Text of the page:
Of all the dramatic images to emerge in the hours and days following the September 11 attacks, one of the most haunting was a frame from a surveillance-camera video capturing the face of suspected hijacker Mohamed Atta as he passed through an airport metal detector in Portland, ME. Even more chilling to many security experts is the fact that, had the right technology been in place, an image like that might have helped avert the attacks. According to experts, face recognition technology that’s already commercially available could have instantly checked the image against photos of suspected terrorists on file with the FBI and other authorities. If a match had been made, the system could have sounded the alarm before the suspect boarded his flight.
In the wake of the attacks, a number of companies, security professionals and government officials have proposed using biometrics-identification based on a person’s unique physical characteristics-to enhance airport security. “We’ve developed some fantastic technologies, but we just haven’t deployed them,” says Georgia State University aviation safety researcher Rick Charles. Readily available biometric techniques include digital fingerprinting, iris scanning, voice recognition and face recognition.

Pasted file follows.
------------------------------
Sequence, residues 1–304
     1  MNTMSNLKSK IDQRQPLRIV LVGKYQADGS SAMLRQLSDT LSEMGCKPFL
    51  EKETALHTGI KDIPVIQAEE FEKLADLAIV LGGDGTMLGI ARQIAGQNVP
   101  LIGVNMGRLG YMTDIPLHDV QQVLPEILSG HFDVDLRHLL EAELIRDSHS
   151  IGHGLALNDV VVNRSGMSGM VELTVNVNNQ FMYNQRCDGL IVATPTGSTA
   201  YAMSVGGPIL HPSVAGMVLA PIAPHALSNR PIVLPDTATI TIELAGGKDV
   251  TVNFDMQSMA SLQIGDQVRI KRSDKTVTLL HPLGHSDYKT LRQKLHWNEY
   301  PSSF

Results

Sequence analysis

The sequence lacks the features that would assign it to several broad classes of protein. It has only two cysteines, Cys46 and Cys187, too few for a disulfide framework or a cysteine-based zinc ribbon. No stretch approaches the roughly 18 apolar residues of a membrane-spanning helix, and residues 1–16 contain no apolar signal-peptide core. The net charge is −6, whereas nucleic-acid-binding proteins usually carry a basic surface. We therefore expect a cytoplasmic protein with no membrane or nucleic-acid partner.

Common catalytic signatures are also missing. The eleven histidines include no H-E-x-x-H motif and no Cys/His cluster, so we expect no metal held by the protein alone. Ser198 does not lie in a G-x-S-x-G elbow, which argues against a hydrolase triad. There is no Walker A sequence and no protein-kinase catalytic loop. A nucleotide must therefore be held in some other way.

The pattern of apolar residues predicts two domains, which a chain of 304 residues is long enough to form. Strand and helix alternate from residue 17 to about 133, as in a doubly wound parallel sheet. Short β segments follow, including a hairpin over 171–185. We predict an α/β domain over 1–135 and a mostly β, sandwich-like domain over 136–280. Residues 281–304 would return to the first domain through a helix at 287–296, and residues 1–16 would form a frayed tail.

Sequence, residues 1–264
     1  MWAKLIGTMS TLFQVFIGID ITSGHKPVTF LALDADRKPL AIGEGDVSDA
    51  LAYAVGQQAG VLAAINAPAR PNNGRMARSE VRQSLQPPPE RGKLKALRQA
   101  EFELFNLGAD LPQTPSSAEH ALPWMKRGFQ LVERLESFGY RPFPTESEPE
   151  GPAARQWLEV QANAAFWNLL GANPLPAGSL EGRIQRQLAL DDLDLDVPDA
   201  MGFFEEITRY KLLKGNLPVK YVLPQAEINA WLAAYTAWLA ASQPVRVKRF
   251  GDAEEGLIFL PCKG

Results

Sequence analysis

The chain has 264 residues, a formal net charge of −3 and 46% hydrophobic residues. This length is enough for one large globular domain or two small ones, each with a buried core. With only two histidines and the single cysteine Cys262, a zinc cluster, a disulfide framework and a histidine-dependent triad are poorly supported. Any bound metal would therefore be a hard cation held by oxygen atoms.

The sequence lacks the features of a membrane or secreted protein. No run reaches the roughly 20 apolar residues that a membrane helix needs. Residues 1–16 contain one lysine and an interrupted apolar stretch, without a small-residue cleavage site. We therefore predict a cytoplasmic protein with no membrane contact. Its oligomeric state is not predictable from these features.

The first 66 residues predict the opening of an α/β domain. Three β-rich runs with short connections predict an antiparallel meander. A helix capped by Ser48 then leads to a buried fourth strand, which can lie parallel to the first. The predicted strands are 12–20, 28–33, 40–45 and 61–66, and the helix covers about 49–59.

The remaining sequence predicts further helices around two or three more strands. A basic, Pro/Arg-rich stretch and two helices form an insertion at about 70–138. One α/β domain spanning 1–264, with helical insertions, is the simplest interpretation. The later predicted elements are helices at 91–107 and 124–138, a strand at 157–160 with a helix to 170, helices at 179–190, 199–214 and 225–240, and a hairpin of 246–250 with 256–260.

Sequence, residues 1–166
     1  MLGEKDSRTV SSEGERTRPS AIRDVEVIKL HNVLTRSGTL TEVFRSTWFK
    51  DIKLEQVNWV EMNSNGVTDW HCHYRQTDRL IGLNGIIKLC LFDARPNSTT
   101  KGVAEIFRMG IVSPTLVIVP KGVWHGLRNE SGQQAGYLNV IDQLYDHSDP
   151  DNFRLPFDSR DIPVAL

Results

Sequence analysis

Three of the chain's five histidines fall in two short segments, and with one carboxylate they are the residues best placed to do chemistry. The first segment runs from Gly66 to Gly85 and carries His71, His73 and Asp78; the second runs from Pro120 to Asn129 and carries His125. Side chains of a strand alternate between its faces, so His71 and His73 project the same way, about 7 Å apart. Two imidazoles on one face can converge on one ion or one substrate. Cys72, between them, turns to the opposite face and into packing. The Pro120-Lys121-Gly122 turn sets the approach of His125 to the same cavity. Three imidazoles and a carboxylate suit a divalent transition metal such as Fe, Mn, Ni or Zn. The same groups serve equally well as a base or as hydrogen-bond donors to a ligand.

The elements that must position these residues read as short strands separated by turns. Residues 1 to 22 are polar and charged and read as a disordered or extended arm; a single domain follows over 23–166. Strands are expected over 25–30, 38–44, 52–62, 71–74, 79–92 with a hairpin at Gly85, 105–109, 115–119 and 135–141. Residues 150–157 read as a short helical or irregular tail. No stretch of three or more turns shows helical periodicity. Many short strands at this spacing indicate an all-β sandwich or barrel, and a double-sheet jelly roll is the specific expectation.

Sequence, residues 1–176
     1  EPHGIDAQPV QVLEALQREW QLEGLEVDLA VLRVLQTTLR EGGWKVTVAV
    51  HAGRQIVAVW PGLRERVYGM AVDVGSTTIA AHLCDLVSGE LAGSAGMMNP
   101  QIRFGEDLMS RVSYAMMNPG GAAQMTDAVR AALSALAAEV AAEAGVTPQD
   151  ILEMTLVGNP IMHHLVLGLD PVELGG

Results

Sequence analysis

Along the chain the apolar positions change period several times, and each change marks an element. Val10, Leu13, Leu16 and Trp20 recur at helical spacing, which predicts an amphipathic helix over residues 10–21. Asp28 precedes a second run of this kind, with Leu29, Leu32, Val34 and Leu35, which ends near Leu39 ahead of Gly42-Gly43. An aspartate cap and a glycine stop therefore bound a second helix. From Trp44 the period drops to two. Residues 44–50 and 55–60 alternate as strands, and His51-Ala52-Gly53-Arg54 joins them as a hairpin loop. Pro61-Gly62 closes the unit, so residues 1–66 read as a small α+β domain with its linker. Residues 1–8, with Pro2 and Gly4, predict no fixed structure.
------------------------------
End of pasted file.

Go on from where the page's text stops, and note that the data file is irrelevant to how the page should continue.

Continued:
Of these technologies, face recognition is perhaps the best suited to surveillance of busy public places like airports. For one thing, it doesn’t require those being watched to cooperate by looking into an iris scanner or putting a hand on a fingerprint reader; face recognition devices can work with the video feeds from the cameras that are already ubiquitous in public spaces. It’s also much easier for authorities to obtain a suspect’s photo-from a passport or driver’s license, for example-than it is to obtain other biometric identifiers.
Indeed, many government agencies, from the FBI and the CIA to the Immigration and Naturalization Service and the Drug Enforcement Agency, keep large databases of photos. When the FBI places a suspected terrorist on a watch list, the agency circulates that person’s photo to local police, immigration officers or customs agents. “But if you’re a cop, you’ve got to be pretty good at quickly scanning faces in a crowd [for terrorists],” says Richard Norton, executive director of the International Biometric Industry Association. With face recognition technology, security officials could link their surveillance cameras to any number of databases via the Internet and let a computer do all the work, alerting officials when it finds a positive match.
Setting up a face-recognition-based security system would be relatively simple. The two major players in the area of face recognition, Littleton, MA’s Viisage Technology and Visionics in Jersey City, NJ, say they have systems that could easily do the job. Visionics’ device plugs into a video camera and grabs images of faces while the camera is recording. Software extracts the unique characteristics of each face and creates a template, a compressed digital file that can then be sent over the Internet to several databases at once. Further Visionics software installed alongside each database sifts through a million photos per second and signals when it finds a match.